Chef Space Kitchen to help foodie entrepreneurs

Aspiring food entrepreneurs who want to transition from treats made in a home kitchen to food created in a commercially run kitchen will now have the chance with the new Chef Space Kitchen Incubator.

Inspired by the Union Kitchen incubator in Washington, D.C., Chef Space — Louisville’s first kitchen incubator focusing on food entrepreneurship — will be opening late October at 1812 W. Muhammad Ali Blvd., where Jay’s Cafeteria was previously located.

Incubators, which have started to pop up across the country in the last five to seven years, help drive new startup food businesses that could not legally produce their food without a health department-licensed commercial kitchen. Incubators, which rent out kitchen space, help entrepreneurs turn a culinary dream into reality.

Community Ventures, which owns the new Chef Space Kitchen, has partnered with the city’s health department to help budding entrepreneurs operate their businesses legally in Louisville with the new incubator.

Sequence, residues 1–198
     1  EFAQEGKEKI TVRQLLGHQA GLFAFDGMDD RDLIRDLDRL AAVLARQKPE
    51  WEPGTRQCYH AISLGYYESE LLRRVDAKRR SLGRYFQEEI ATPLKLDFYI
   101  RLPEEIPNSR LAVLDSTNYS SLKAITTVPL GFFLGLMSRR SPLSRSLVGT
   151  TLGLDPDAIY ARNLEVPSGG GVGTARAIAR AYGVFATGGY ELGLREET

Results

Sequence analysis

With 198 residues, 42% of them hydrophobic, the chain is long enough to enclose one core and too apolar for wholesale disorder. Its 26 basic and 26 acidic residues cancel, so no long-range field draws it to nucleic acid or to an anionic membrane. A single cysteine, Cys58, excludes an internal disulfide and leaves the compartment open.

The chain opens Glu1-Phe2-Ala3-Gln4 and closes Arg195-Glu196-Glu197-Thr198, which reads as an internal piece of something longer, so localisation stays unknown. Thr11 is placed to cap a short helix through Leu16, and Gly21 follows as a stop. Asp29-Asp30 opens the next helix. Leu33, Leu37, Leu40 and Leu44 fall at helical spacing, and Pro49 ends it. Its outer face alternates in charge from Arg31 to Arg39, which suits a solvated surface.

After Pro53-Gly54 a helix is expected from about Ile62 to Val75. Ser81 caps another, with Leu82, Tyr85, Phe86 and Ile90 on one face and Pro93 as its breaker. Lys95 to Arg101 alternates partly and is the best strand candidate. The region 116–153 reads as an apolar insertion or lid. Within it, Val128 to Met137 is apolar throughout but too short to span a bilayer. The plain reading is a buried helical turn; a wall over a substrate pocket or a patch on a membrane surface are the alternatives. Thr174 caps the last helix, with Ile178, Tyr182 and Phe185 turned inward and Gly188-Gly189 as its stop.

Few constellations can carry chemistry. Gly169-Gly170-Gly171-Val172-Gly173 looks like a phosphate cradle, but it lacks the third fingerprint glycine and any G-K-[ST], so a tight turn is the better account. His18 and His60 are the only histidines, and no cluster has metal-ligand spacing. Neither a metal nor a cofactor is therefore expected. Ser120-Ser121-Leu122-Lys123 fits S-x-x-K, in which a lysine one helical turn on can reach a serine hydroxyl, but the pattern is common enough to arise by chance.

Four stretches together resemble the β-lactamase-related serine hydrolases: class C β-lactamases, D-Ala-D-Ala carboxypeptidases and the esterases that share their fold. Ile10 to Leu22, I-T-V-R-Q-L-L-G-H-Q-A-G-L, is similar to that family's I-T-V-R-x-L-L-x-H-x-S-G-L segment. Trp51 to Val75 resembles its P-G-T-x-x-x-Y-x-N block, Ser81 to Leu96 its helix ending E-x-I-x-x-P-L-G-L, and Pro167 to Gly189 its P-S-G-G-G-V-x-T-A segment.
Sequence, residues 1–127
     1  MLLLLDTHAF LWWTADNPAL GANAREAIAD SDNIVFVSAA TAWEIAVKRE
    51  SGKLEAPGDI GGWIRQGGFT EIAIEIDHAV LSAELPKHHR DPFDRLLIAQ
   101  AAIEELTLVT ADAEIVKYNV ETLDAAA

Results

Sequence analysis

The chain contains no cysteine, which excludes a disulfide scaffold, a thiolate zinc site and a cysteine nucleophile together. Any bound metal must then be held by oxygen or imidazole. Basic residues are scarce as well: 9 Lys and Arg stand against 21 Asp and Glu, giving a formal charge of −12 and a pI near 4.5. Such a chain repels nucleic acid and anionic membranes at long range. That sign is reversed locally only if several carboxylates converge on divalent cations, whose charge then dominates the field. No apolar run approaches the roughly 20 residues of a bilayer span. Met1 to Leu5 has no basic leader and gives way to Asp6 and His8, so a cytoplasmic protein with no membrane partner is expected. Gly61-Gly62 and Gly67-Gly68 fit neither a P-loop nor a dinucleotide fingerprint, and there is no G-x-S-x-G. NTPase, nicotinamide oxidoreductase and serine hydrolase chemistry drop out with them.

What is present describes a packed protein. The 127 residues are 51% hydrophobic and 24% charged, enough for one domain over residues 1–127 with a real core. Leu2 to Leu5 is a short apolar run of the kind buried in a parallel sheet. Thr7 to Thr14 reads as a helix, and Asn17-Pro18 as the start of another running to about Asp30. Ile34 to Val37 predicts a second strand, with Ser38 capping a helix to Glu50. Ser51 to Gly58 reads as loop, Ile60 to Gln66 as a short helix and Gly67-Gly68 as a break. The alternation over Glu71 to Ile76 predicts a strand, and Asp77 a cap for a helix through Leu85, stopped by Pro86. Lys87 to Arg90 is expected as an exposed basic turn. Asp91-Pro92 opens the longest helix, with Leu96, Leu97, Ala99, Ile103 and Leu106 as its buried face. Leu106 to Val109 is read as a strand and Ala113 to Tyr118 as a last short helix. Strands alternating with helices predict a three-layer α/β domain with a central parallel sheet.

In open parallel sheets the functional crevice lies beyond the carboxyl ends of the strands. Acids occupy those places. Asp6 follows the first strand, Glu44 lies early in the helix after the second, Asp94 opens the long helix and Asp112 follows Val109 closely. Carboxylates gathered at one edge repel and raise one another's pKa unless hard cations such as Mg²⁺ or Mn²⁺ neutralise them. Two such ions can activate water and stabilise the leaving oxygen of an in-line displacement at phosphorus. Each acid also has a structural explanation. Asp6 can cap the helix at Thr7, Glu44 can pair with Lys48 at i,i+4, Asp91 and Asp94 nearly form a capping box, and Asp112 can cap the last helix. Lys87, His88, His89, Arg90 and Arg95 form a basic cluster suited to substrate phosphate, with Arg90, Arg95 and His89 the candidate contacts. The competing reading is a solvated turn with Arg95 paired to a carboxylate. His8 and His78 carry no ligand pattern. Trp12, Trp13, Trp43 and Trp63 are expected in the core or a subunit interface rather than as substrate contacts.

“Food safety regulation are a top priority; that’s part of the training offered for entrepreneurs at Chef Space—you’re no working out of your own kitchen anymore, you’re serving your community, and consumers all looks for that safety rating and standard,” said Susan Barry, President and CEO of Community Foundation of Louisville.

Applications for a cooking spot are open to anyone, whether he or she dreams of opening a food truck, catering company or a bakery.

“With the membership, Chef Space will help people who are struggling at home or in church kitchens open their own small businesses with the right sources and proper training,” said Johnetta Roberts, vice president of Community Ventures.

Entrepreneurs must apply for a membership to use the incubator’s kitchen space. Monthly membership plans that offer access to kitchen space on nights and weekends begin at $600 per month, which includes professional training and consulting. Twenty-four-seven kitchen access costs $800 per month. [Applications are available online.]

from the Courier-Journal, June 29, 2015